With the corporate world now taking climate change more seriously, and clean-energy investments yielding handsome returns, where should potential investors and relevant policymakers turn their attention?
Wind farms, solar parks, storage systems, including virtual power plants, are among the usual targets. However, there’s an argument to be made for considering alternative uses of capital.
The developing nations of the world offer perhaps the greatest opportunities. Among other reasons, this is due in large part to the low electrification rate in these regions. In sub-Saharan Africa for instance, only 45% of the population had reliable access to electricity in 2017 whereas the US and EU each had rates of 100%, according to the World Bank.
As one might expect, such circumstances weigh significantly on education, health, economic and environmental outcomes that, in turn, restrain social and national growth, development and progress.
The solution seems simple at first. Surely the same centralised electricity generation and distribution model that powered American and European homes in the 19th and 20th centuries could be transplanted to sub-Saharan Africa with similar success.
While that may be true to an extent, the exorbitant capital expenditures, time and organisational capacity needed to accomplish as much would discourage even the most intrepid investors, not to mention politically exposed lawmakers.
More to the point, each day that a centralised generation and distribution scheme is in progress is one where the anticipated environmental, social and governance (ESG) gains are diminished. In other words, closing the developing world’s electrification gap is a time-sensitive mission.
For these and other reasons, energy supply decentralisation ought to be the focus of global ESG-conscious investors, lenders and governments. Indeed, in the US and other industrialised nations, the products, processes and systems that comprise decentralised grids are readily available and rapidly improving.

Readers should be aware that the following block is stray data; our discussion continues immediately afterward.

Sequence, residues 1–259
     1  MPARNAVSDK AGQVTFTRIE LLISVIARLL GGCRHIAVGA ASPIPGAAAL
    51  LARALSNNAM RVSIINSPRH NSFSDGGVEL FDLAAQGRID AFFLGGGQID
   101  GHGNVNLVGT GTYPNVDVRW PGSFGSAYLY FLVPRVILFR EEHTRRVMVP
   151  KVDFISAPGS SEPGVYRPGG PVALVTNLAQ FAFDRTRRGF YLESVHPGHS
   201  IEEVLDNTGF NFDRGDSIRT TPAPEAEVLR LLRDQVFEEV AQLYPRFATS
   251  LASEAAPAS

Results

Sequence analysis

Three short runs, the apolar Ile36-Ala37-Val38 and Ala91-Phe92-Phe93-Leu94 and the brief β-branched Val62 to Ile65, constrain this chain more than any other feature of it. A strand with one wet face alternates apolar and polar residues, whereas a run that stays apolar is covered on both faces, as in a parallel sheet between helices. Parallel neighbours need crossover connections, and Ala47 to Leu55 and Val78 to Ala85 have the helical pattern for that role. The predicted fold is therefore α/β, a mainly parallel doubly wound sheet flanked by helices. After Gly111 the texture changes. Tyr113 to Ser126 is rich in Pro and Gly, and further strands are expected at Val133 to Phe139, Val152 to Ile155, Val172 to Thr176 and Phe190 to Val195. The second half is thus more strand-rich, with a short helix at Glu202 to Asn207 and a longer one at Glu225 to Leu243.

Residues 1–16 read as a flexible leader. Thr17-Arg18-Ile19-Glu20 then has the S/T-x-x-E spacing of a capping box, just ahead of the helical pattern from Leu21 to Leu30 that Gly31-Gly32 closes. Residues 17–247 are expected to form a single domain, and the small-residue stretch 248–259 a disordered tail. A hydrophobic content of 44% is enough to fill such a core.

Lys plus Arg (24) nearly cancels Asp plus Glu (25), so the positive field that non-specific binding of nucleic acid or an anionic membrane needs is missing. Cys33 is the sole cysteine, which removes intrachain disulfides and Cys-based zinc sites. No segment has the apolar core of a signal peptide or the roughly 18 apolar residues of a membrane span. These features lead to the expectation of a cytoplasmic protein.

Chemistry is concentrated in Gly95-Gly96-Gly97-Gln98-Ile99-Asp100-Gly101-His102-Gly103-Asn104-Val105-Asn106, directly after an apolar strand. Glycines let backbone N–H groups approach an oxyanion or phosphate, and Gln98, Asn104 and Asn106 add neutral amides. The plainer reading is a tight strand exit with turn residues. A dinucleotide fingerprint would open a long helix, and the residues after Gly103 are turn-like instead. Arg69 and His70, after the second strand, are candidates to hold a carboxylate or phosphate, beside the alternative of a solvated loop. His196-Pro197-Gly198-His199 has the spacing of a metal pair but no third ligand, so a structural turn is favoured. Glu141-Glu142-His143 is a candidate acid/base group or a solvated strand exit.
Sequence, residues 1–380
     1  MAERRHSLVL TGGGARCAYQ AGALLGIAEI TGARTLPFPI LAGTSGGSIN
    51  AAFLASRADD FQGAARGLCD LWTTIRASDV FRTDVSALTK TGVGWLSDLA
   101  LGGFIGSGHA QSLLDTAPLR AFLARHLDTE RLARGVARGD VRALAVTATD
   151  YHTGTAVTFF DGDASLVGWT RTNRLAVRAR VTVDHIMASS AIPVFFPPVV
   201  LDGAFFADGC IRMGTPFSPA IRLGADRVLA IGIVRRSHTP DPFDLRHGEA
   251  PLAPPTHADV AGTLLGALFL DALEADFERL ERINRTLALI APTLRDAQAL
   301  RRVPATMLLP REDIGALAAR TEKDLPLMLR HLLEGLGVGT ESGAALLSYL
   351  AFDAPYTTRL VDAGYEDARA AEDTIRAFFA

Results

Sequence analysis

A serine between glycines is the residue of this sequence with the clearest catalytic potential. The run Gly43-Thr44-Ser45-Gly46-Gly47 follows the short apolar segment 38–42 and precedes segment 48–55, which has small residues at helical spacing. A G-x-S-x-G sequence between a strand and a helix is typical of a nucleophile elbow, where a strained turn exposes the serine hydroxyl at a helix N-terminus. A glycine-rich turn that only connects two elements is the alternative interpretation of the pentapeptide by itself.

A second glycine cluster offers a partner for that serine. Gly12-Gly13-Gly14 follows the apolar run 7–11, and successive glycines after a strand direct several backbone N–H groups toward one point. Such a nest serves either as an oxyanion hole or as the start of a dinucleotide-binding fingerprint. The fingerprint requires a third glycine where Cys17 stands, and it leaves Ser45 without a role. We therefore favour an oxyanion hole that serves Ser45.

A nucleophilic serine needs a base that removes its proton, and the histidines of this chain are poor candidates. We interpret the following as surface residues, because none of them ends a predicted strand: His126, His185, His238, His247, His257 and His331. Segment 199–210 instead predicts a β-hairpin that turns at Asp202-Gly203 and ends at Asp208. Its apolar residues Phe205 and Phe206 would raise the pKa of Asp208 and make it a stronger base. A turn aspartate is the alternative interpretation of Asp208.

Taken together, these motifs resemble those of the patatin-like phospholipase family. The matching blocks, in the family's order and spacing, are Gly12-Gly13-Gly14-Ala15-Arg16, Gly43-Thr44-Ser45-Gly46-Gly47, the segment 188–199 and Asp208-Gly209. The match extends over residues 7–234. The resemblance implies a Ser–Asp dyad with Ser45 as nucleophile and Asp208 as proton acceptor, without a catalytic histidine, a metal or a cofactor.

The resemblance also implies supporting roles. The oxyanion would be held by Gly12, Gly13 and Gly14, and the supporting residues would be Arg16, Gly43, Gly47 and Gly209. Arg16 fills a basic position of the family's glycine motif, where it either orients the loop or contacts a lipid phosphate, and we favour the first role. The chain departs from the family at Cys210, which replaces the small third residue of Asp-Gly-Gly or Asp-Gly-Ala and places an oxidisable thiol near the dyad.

These innovations, more commonly referred to as distributed energy resources (DERs), include solar-plus-storage systems and distributed ledger technologies, and are of increasing interest to the industrialised world’s investors, governments and consumers.
Combinations of these technologies and processes are already in operation in many developing states in sub-Saharan Africa and elsewhere, albeit with varying degrees of success. According to the International Energy Agency, while growth of electricity access in sub-Saharan Africa has begun to outpace population growth, the progress is uneven, and the total number of people without electricity has grown since 2000.
And by 2030 , up to 90% of the 650 million people without access to electricity globally will live in sub-Saharan Africa.
Combating these divergent trends will undoubtedly require more robust government and investor support for existing DERs. That much is clear. Yet even with decentralised systems, time is of the essence.
Artificial intelligence (AI), machine learning and the Internet of things (IoT) afford energy producers, their investors and policymakers a powerful catalyst.
Power generation and other energy assets equipped with modern computation devices can be connected to cloud-based AI platforms that in turn will aggregate, clean and analyse the various assets’ complex and unstructured data streams.
The information relevant in these processes is extensive, and includes real-time and historical performance data, enriched with meteorological and set into relation with financial data.
The potential value here cannot be overstated. Rather than letting these datasets lie fallow, cloud-based AI allows energy asset managers, whether they’re public utility companies or investors, to extrapolate performance trends that can then be used to minimise risks and maximise returns thanks to predictive analytics that makes early failure detection possible.
The bottom line for ESG-conscious investors is this: renewable energy investments are made more reliable and therefore more profitable by using data intelligence to supervise them.
And for the developing regions of the world, the insights generated by cloud-based AI systems shorten the time needed to bring DERs online and mitigate countless transition and installation risks.
Over time these technologies can accelerate both the proliferation of micro-grids and their consolidation into larger utility-scale grids, precipitously improving these regions’ electrification rates.
With this in mind, investors should perhaps direct their energy towards engaging with governments of the world, and determine what mechanisms and incentives may lead them and their organisations to improve their environmental, social and governance performance. Though it bears repeating, that time for action is running out.